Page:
Thank you
Math Expert V
Joined: 02 Sep 2009
Posts: 61189
Re: The number of water lilies on a certain lake doubles every  [#permalink]

### Show Tags

SaraLotfy wrote:
Bunuel,
would you please illustrate this question using the population formula rule used in the MGMAT.

Thank you

Sorry not familiar with that one. The following threads might help:
a-certain-bacteria-colony-doubles-in-size-every-day-for-144013.html
it-takes-30-days-to-fill-a-laboratory-dish-with-bacteria-140269.html
_________________
Manager  Joined: 04 Apr 2013
Posts: 108
Re: The number of water lilies on a certain lake doubles every  [#permalink]

### Show Tags

Bunuel or anyone,

Please confirm if my approach is correct.

Sum of lillies for 30 days using Geo Series:
a= 1+2+2^2+2^3..2^30 --(1)
2a = 2+2^2...2^31 -- (2)
Subtract 1 from 2
a=2^31 - 1 (Total lillies in the pond)

Now let x be number of times, both lillies expanded at once
lilly 1 -> a=1+2+2^2...2^x
sum of lilly 1 using Geo series described above = 2^x+1 - 1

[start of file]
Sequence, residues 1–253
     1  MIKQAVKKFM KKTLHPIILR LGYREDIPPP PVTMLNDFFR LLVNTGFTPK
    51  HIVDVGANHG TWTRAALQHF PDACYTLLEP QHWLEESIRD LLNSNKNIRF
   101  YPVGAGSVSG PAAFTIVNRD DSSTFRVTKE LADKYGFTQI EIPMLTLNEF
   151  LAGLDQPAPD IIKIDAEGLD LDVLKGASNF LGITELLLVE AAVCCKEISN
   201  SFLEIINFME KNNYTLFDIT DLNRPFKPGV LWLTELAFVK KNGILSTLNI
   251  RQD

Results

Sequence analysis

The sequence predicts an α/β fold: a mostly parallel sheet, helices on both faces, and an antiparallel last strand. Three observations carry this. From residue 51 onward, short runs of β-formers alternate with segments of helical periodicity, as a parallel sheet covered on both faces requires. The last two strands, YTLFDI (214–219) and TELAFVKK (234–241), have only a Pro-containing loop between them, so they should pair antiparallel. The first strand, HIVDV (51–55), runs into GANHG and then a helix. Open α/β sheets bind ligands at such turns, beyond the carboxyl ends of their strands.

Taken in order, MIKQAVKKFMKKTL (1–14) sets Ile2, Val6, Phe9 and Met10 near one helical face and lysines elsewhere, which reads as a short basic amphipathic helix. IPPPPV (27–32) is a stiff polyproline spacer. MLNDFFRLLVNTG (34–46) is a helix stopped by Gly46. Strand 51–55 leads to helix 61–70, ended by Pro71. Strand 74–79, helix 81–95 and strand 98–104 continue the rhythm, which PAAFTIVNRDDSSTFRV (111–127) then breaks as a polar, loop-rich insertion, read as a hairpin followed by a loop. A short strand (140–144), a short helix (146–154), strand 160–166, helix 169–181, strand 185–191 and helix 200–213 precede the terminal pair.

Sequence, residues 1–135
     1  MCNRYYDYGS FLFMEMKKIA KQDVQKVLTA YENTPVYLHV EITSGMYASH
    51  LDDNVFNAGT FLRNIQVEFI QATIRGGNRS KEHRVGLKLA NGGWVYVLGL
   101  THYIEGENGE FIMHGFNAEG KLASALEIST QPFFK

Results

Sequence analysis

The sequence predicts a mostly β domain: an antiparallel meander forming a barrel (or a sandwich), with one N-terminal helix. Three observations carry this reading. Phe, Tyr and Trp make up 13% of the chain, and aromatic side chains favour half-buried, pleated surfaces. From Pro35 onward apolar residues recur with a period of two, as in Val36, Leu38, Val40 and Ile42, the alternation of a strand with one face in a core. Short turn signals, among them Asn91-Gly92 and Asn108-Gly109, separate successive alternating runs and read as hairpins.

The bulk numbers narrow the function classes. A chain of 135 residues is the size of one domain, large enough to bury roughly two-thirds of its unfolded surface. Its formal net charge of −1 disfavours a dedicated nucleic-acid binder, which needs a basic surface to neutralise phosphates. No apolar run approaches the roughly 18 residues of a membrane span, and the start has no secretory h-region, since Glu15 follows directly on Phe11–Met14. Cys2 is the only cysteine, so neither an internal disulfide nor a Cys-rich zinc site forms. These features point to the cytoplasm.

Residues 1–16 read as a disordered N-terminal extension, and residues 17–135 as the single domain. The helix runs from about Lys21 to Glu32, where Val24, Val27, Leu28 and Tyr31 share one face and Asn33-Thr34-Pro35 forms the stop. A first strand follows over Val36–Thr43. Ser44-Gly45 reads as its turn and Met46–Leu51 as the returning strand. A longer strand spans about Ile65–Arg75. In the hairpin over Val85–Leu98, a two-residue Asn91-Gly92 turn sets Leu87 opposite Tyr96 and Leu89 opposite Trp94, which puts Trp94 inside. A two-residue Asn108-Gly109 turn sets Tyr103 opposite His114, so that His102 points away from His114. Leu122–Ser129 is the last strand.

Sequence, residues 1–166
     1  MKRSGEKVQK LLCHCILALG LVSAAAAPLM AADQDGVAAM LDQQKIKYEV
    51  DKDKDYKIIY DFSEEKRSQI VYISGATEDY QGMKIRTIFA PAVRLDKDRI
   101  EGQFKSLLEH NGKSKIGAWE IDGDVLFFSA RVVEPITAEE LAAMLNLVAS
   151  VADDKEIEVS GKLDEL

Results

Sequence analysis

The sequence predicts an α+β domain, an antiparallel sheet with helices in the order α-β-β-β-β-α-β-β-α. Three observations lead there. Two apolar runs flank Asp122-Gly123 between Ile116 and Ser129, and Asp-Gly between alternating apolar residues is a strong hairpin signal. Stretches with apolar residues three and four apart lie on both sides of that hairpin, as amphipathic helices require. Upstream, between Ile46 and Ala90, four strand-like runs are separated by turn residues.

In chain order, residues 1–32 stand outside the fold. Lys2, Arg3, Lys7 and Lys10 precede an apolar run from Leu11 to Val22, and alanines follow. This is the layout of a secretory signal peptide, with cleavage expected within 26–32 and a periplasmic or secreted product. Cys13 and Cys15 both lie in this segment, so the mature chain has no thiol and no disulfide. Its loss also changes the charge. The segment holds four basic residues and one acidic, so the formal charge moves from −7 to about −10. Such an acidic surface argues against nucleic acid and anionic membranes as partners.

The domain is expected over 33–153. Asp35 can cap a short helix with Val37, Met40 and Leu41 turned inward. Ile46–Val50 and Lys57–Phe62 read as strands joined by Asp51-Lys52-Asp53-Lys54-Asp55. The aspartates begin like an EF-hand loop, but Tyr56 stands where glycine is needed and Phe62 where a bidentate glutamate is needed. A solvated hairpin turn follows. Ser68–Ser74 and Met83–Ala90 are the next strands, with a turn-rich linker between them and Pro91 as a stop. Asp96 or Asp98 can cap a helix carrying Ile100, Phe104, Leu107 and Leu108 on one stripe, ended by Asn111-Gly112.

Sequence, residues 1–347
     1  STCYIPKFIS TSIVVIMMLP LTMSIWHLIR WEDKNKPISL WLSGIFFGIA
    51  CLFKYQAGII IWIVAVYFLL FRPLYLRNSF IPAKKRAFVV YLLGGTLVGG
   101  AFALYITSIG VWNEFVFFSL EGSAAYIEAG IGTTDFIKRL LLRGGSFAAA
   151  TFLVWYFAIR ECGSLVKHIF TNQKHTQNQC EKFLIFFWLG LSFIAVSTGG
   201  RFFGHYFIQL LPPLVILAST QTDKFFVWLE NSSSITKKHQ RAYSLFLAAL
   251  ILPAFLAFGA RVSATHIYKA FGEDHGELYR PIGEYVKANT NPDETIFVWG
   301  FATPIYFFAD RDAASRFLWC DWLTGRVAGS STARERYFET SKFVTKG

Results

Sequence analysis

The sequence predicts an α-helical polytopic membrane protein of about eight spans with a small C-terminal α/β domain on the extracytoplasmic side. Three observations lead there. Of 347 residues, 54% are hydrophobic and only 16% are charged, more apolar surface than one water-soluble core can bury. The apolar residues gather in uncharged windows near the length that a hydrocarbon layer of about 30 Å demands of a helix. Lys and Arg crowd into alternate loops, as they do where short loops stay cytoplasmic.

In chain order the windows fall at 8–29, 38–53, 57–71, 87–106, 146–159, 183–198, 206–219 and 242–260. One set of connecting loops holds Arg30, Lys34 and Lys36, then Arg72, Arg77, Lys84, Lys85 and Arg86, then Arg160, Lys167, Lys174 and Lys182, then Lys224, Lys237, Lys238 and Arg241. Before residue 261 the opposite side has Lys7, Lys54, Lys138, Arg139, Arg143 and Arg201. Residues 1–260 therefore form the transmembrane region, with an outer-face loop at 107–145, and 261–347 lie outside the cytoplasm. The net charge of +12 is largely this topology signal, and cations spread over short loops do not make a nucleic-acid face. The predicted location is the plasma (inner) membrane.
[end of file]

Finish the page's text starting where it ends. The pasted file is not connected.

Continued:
lilly 2 -> a=1+2+2^2....2^x
sum of lilly 2 using Geo series described above = 2^x+1 - 1
--> sum of lilly 1 + sum of lilly 2 = 2^31 -1
so 2(2^x+1 -1) = 2^31 - 1
2^x+2 - 2 = 2^31 -1
approximately 2^x+2 = 2^31
x+2 = 31, x= 29 times ....so 58 days as lillies doubles evry 2 days
Math Expert V
Joined: 02 Sep 2009
Posts: 61189
Re: The number of water lilies on a certain lake doubles every  [#permalink]

### Show Tags

Bunuel or anyone,

Please confirm if my approach is correct.

Sum of lillies for 30 days using Geo Series:
a= 1+2+2^2+2^3..2^30 --(1)
2a = 2+2^2...2^31 -- (2)
Subtract 1 from 2
a=2^31 - 1 (Total lillies in the pond)

Now let x be number of times, both lillies expanded at once
lilly 1 -> a=1+2+2^2...2^x
sum of lilly 1 using Geo series described above = 2^x+1 - 1
lilly 2 -> a=1+2+2^2....2^x
sum of lilly 2 using Geo series described above = 2^x+1 - 1
--> sum of lilly 1 + sum of lilly 2 = 2^31 -1
so 2(2^x+1 -1) = 2^31 - 1
2^x+2 - 2 = 2^31 -1
approximately 2^x+2 = 2^31
x+2 = 31, x= 29 times ....so 58 days as lillies doubles evry 2 days

No, that's not correct. Neat algebraic manipulations though...

Notice that the total number of lilies is not 1+2+2^2+2^3..2^30, it's 2^30.

Initially = 1;
After 2 days = 2, not 1+2;
After 4 days = 2^2 = 4, not 1+2+4.
...
After 60 days = 2^30, not 1+2+2^2+2^3+...+2^30.

Similarly, if initially there are 2 lilies, then the total number would be 2*2^x.

So, we'd have that 2^30 = 2*2^x --> x = 29.

Similar questions to practice:
a-certain-bacteria-colony-doubles-in-size-every-day-for-144013.html